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Pediatr Res. 1977 May;11(5):669-76.

Enzymic differentiation of human liver: comparison with the rat model.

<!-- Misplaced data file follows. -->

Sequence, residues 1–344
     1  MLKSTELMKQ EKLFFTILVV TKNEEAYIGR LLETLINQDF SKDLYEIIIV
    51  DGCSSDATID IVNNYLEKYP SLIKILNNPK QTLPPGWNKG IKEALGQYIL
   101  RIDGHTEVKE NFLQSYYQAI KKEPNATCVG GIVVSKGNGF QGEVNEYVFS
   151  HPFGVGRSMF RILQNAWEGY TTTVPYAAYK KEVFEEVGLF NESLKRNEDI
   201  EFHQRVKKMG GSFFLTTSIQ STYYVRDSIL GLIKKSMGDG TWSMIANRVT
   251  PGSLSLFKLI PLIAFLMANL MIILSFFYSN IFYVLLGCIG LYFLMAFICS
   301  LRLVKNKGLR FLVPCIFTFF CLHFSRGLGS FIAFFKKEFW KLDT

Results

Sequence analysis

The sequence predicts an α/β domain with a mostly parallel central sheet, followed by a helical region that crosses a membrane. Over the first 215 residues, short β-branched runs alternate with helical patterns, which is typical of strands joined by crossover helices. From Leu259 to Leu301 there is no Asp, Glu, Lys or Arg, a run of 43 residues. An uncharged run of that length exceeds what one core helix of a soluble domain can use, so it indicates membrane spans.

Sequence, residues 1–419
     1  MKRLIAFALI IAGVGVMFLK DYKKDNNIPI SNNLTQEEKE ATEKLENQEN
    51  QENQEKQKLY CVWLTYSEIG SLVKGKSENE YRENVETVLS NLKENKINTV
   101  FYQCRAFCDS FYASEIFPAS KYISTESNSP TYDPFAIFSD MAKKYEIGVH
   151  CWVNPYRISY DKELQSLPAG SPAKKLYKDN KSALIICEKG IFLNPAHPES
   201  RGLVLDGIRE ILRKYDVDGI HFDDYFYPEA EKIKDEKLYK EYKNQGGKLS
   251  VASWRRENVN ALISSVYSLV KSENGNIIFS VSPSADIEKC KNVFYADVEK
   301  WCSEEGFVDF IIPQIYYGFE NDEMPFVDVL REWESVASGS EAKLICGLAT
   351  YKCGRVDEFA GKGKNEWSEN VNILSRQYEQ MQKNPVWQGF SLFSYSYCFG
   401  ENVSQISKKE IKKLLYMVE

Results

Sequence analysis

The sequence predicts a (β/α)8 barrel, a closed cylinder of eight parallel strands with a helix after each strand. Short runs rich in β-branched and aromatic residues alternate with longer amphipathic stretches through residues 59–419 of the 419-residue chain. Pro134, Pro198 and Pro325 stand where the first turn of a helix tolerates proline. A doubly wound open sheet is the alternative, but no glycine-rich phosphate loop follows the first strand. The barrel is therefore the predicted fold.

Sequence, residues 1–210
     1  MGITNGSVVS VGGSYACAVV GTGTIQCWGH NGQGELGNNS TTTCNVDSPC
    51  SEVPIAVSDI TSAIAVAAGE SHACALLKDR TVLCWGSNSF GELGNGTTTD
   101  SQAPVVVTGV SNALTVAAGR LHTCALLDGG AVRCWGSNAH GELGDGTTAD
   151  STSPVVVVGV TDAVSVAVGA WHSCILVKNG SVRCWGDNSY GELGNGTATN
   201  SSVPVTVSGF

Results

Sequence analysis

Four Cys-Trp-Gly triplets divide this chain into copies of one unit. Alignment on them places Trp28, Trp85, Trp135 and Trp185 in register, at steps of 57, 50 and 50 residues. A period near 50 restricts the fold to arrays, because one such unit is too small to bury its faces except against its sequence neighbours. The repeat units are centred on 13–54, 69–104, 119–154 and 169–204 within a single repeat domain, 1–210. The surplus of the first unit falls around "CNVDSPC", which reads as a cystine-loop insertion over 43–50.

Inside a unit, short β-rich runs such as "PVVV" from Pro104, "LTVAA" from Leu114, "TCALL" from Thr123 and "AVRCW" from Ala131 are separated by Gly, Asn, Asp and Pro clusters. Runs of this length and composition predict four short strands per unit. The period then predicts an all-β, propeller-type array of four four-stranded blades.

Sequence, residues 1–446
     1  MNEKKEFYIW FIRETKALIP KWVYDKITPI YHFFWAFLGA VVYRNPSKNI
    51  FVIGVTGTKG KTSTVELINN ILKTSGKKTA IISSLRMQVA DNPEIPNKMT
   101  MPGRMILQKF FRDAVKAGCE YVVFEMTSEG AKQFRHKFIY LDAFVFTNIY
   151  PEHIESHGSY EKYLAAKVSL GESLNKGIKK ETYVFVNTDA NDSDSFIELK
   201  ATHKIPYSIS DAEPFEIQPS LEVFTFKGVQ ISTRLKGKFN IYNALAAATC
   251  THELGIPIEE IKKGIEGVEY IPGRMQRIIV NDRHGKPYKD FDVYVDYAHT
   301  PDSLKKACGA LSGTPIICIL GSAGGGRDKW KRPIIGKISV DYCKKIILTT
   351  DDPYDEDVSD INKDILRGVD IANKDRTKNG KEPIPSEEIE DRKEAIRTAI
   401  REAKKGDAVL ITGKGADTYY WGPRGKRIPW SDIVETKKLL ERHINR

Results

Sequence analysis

The quantitative pattern of enzymes in the second trimester human fetal liver is significantly different from that of adult liver. For some 20 enzymes, the activity quotient (AQ, i.e., activity of immature liver divided by that in adult liver) is appreciably different from 1.0. Most of the enzymes increase their concentrations with age but, as one would expect, some contribute to differentiation by diminishing in amount. In developing human liver the concentrations of the various enzymes tend to change in the same direction as they do in rat liver. Those that increase in rat liver have been classified into three main clusters, according to whether their rise begins on about the 17th day of gestation (B), the first neonatal day (C), or just before weaning (D), respectively. The distribution of these enzymes among these three clusters correlates with their AQ's in the human fetal liver. In general, enzymes with AQ around 0.5 belong to cluster (B) in rat liver whereas those with 0-0.16 belong to cluster C or D. Gross malformations resulting from the teratogenic action of drugs, hormones, or vitamins on the early embryo attract much attention. The harmful impacts of such agents at late stages of gestation are less spectacular. They may be more frequent, however, and manifest themselves in permanent inadequacies in metabolism or growth with a tendency to succumb to minor childhood diseases. The underlying causes may not be mirrored in the cytocomposition or even the subcellular morphology of autopsy specimens. Only deviations from the organ characteristic quantitative pattern of gene products would provide sensitive enough indictors of the metabolic lesions and of the aberrant aspects of differentiation that were responsible for them. In both the presence and absence of detectable morphologic abnormalities, the study of enzymes, this most varied and largest class of specific chemical constituents, would greatly extend the resolving power of the usual diagnostic procedures postmortem.

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